Our contributor compared us to a herd of wildebeest that stands by and watches tearfully as one of its members is picked off and eaten by a lion.
“Do you call that tolerance or stupidity?” he asks. It was stupid, he felt.
The writer, who signed himself Tonderayi Mudonhi, was replying to an opinion piece by Ruzvidzo Mupfudza who had spoken about the innate tolerance of Zimbabweans.
You proceed from that point to fatuously claim that the writer “dismisses the Zimbabwean nation and the continent of Africa, except for non-Africans, as an unthinking herd of wild animals”.
In fact the writer made no distinction, as you do, between Africans and non-Africans on the continent, and specifically praised what he calls his “local brother Pius Wakatama” and Chinua Achebe.
You refer at length to the South African Human Rights Commission’s report into racism in the media and conclude that our letter repeats assertions made in the report.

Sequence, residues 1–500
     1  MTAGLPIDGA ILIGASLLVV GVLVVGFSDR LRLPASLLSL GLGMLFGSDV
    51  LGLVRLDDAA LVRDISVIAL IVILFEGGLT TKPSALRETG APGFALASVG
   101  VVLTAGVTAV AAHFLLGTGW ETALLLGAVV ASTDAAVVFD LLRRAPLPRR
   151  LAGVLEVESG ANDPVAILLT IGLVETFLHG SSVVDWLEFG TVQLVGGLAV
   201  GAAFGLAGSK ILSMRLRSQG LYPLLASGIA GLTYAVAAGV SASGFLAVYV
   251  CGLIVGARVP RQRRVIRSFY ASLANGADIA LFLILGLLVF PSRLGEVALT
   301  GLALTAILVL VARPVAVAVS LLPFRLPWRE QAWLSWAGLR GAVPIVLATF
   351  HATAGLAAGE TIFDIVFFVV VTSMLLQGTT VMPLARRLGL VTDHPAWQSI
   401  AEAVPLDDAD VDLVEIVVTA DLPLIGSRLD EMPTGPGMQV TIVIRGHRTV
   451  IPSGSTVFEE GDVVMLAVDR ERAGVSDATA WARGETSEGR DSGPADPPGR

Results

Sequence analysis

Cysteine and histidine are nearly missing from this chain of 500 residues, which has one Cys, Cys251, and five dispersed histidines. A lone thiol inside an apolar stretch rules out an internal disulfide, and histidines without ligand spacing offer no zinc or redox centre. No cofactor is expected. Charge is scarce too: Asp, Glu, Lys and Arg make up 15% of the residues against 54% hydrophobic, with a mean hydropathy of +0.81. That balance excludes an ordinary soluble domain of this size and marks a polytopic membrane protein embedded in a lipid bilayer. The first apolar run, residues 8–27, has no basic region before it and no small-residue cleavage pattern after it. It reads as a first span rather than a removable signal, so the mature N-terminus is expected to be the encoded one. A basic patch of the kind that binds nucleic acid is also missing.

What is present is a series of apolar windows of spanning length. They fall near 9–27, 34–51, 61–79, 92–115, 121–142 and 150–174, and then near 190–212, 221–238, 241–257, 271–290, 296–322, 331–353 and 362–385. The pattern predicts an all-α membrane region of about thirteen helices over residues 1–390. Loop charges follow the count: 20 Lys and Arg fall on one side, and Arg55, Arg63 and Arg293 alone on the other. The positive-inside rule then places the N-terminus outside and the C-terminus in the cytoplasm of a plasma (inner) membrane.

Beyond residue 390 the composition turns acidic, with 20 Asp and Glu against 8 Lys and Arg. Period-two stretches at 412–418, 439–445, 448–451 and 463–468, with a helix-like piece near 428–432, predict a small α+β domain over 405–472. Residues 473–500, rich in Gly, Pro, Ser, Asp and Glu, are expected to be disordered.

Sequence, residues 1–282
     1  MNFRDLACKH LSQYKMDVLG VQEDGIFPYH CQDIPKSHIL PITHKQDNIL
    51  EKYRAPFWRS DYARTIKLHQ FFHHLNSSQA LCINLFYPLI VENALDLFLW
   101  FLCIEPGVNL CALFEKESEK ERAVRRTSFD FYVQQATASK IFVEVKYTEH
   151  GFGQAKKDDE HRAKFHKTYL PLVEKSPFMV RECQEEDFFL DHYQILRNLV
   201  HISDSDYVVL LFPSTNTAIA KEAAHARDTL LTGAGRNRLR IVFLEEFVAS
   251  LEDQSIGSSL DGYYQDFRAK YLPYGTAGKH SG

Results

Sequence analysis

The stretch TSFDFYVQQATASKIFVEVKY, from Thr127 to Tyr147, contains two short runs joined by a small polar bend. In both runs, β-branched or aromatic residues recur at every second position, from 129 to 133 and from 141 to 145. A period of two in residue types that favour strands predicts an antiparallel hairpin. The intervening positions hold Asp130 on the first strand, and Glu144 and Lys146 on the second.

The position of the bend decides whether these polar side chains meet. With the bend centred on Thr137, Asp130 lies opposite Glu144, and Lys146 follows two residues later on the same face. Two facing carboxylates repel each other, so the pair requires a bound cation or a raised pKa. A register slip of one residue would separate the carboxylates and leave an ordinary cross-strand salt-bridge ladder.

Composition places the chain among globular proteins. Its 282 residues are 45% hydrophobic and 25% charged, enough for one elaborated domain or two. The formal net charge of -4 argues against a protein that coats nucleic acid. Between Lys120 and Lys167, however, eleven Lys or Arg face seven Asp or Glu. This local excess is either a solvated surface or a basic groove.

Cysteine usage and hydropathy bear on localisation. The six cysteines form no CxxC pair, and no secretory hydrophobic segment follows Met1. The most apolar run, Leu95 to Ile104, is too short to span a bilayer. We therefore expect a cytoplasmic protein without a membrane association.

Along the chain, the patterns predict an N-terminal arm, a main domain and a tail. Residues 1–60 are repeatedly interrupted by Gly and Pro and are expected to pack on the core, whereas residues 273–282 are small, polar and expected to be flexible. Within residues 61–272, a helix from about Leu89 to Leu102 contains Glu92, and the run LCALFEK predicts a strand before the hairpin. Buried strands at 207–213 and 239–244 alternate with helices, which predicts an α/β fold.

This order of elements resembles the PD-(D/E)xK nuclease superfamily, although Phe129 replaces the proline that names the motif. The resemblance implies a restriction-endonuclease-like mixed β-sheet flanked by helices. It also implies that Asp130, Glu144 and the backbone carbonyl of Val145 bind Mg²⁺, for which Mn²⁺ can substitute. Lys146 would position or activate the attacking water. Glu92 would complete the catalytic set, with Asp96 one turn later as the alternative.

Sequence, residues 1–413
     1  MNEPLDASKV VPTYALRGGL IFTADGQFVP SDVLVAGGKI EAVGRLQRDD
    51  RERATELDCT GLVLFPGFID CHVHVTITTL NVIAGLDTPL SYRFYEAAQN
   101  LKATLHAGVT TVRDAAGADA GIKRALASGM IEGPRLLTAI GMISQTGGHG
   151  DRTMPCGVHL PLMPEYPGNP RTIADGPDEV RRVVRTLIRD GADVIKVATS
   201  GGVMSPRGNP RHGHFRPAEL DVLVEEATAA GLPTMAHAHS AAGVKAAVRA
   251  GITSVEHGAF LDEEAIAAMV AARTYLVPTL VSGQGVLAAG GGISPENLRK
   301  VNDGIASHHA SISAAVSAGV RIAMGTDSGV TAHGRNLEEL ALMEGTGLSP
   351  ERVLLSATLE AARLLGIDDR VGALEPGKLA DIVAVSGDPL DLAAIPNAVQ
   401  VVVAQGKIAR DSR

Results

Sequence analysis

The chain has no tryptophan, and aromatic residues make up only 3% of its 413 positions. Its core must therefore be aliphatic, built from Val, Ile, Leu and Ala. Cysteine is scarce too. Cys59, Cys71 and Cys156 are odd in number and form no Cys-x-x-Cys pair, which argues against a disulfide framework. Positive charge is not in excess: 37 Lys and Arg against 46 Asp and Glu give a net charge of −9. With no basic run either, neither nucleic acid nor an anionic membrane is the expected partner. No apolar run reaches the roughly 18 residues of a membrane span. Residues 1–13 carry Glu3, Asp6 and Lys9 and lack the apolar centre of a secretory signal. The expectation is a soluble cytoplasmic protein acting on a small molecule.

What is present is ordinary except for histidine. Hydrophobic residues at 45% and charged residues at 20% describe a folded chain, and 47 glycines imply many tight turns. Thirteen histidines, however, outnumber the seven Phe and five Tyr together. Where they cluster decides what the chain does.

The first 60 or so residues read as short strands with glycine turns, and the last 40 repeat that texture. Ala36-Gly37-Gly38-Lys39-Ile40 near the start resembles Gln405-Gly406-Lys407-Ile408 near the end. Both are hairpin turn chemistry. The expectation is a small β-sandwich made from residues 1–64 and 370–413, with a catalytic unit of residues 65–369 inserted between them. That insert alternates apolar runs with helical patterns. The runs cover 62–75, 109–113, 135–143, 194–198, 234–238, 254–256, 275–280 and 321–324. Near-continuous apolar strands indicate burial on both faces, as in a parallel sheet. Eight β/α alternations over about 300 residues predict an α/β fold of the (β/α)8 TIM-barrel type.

Whatever the views of the Human Rights Commission, it is clear you have extrapolated its conclusions to fit your indictment of the letter. You appear unaware of the criticisms made of the commission’s conclusions, in particular the scepticism surrounding some of the evidence produced by a researcher.
You object to our cartoon of November 14 portraying the people of Zimbabwe as mushrooms – ie raised in the dark and fed on manure. You cite two other letters from our readers as equally objectionable. Most of our readers would regard the mushroom analogy as fair comment!
It is significant that apart from your self-serving objections, we have not had a single letter from any of our readers complaining about the letter to which you take such exception.
You lecture us on the importance of having “a strong sense of context and history”.
“A good newspaper’s coverage of its own community is thorough, sensitive and respectful,” you point out.
We couldn’t agree more. The community in which we work here in Harare has rejected President Robert Mugabe’s pretensions in successive electoral contests since 2000. We respect their verdict and the verdicts of Zimbabweans in other centres across the country.